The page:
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Journal of Applied Oral Science

Print version ISSN 1678-7757

J. Appl. Oral Sci. vol.19 no.4 Bauru July/Aug. 2011  Epub June 03, 2011

https://doi.org/10.1590/S1678-77572011005000007 

Hydroxyapatite crystallinity does not affect the repair of critical size bone defects

 

 

Marcio Baltazar ConzI; José Mauro GranjeiroII; Gloria de Almeida SoaresIII

IDDS, MSc, PhD, Associate Professor of Oral Implantology, Unigranrio University, Duque de Caxias, RJ, Brazil; PhD, Metallurgical and Materials Engineering Department of the Federal University of Rio de Janeiro, Rio de Janeiro, RJ, Brazil
IIDDS, MSc, PhD, Associate Professor of the Cell and Molecular Biology Department, Institute of Biology, Fluminense Federal University, Rio de Janeiro, RJ, Brazil
IIIEng, MSc, PhD, Associate Professor of the Metallurgical and Materials Engineering Department, Federal University of Rio de Janeiro, Rio de Janeiro, RJ, Brazil

Corresponding address

 

 


ABSTRACT

OBJECTIVE: The physicochemical properties of hydroxyapatite (HA) granules were observed to affect the biological behavior of graft materials. The aim of this work was to analyze the tissue response of two HA granules with different crystallinity and Ca/P ratio in vivo.
MATERIAL AND METHODS: The HA granules were produced in the Biomaterials Laboratory (COPPE/UFRJ). The testing materials were HA granules presenting a Ca/P molar ratio of 1.60 and 28% crystallinity (HA-1), and a Ca/P molar ratio of 1.67 and 70% crystallinity (HA-2). Both HAs were implanted into a critical-size calvaria rat defects.
RESULTS: To note, in the control group, the bone defects were filled with blood clot only. Descriptive and histomorphometric analyses after 1, 3, and 6 months postoperatively showed mild inflammatory infiltrate, mainly comprising macrophage-like and multinucleated giant cells, and an increase in the volume density of the fibrous tissues (p<0.05), which was in contrast to the similar volume density of the newly formed bone and biomaterials in relation to the control group.
CONCLUSION: Thus, we concluded that HA-1 and HA-2 are biocompatible and non-degradable, and that crystallinity does not affect bone repair of critical size defects.

Key Words: Hydroxyapatite. Bone grafting. Rats. Histology. Biocompatibility testing.


 

 

INTRODUCTION

In the last decade, great progress was made in the use of grafts in dentistry with the development of the biomaterials that became indispensable for professionals in the areas of bucomaxillofacial surgery, paraendodontic surgery, orthognathic and implants surgery13. Bone loss owing to trauma or disease is not only a major socio-economic burden on world healthcare systems, but also results in a reduced quality of life for the patient. Current strategies for repair include bone autograft and allograft, both of which have inherent limitations such as limited supply, increased morbidity, and disease transmission potential18.

In this scenario, calcium phosphate (Ca-P) porous ceramics had gained acceptance and these are used in medical–dentistry fields in order to promote bone regeneration, increase, or substitution3. Calcium phosphate materials can be found in nature (coralline hydroxyapatite) or can be synthesized by precipitation methods using chemical reagents. Hydroxyapatite (HA), Ca10(PO4)6(OH)2, is the well-known and widely studied Ca-P12. In both medical and dental routine, the term “hydroxyapatite” is sometimes used to describe any Ca-P material. Synthetic Ca-P grafts may be the material of choice, especially when large defects need to be filled. It is generally accepted that these bioceramics are only osteoconductive (have the ability to support tissue growth and bone formation) and non-osteoinductive, i.e., they do not have the ability to form new bones when implanted in non-osseous sites17.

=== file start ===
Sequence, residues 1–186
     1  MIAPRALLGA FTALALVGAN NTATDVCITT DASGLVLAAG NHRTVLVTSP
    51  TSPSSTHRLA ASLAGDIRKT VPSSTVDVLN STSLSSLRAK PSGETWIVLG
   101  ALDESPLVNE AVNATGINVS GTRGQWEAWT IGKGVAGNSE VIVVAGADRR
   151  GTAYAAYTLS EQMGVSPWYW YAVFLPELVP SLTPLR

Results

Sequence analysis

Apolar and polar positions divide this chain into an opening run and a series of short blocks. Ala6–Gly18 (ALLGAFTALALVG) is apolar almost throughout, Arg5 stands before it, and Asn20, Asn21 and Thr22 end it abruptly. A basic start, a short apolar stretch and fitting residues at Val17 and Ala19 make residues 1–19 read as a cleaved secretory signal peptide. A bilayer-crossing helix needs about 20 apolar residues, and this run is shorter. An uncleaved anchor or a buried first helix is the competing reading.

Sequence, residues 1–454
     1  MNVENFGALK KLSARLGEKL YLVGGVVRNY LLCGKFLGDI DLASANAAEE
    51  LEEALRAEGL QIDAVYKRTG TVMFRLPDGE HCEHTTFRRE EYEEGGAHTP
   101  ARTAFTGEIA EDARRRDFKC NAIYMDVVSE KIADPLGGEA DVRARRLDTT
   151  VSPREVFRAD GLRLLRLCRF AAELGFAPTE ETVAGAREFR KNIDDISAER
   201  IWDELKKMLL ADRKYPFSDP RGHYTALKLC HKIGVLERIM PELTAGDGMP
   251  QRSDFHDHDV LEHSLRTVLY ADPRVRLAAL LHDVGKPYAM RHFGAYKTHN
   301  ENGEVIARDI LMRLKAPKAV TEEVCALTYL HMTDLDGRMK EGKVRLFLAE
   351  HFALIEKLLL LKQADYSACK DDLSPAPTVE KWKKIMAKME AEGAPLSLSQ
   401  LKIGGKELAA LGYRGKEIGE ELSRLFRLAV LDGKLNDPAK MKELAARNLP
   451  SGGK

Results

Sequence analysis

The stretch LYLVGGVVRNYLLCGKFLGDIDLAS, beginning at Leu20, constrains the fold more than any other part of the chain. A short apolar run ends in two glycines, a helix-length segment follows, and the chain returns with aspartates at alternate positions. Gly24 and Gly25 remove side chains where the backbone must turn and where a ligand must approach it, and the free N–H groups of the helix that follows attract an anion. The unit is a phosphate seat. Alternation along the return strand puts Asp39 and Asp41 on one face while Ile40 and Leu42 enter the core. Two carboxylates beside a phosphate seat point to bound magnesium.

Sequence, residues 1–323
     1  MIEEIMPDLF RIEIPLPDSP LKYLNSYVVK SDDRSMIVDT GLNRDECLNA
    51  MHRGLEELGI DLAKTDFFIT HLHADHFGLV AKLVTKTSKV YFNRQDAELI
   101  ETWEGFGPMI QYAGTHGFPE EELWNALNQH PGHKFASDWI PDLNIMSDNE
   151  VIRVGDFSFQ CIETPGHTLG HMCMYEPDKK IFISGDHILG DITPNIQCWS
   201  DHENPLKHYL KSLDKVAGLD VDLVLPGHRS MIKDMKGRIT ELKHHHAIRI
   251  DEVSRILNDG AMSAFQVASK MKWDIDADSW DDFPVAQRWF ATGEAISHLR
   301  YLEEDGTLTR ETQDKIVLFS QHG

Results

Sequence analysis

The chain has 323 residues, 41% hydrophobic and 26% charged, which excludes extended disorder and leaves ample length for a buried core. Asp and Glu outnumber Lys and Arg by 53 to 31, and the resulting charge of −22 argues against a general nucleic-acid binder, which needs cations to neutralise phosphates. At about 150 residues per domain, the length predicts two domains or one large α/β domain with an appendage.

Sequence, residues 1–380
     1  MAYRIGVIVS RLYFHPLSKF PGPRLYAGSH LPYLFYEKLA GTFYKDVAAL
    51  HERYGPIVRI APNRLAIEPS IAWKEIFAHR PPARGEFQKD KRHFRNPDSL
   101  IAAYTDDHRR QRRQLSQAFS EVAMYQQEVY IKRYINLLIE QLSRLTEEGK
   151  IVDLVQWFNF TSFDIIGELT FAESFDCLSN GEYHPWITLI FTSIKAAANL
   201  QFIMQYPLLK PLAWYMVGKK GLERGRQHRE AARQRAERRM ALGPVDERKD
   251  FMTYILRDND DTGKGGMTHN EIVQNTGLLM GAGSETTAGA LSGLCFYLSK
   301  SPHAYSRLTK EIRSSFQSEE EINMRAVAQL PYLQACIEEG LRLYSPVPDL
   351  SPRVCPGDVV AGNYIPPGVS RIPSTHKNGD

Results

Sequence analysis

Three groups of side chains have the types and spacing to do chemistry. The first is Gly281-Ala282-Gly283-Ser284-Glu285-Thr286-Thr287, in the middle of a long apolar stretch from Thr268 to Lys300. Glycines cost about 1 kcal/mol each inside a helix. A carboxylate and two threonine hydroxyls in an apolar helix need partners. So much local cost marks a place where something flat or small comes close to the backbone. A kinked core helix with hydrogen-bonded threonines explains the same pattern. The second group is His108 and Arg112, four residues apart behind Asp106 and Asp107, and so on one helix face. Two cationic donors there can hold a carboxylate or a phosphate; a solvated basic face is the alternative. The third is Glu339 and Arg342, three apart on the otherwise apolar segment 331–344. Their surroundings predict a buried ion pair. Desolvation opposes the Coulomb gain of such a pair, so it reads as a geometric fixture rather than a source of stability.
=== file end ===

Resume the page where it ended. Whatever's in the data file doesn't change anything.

Among other physicochemical characteristics, HA crystallinity and Ca/P molar ratio have been reported to affect its solubility1,3,23, protein adsorption, and osteoblast attachment28, possibly compromising biological responses. However, no in vivo data are available in the literature. In order to achieve this point, the aim of this work is to analyze the tissue response of two HA granules with different physicochemical properties in critical-size calvaria rat defects4.

 

MATERIAL AND METHODS

Material

The HA (HA-1 and HA-2) granules (2501000 µm) were obtained from the HA powder, produced from reactive calcium phosphates at room temperature, in the Biomaterials Laboratory, COPPE, Federal University of Rio de Janeiro (Rio de Janeiro, RJ, Brazil). Previous analysis showed that HA-1 granules presented a Ca/P molar ratio of 1.6 and 28% crystallinity, while the HA-2 granules had a Ca/P molar ratio of 1.67 and 70% crystallinity, as determined by chemical analysis and x-ray diffraction (XRD), respectively (Figure 1). Morphological characterization of the materials was carried out with the help of scanning electron microscopy (Zeiss, model DSM 940A, Oberkochen, Baden-Württemberg, Germany) operating at 20 kV of electron acceleration. To identify the crystalline phases in the biomaterials, an x-ray diffractometer (DRX-Miniflex, Rigaku, Tokyo, Japan) was used, which operated at 30 kV, 15 mA, and CuKα radiation. The crystallinity of the materials was determined from the DRX patterns according to the methodology proposed by Landi, et al.16 (2000).

 

 

Surgical procedures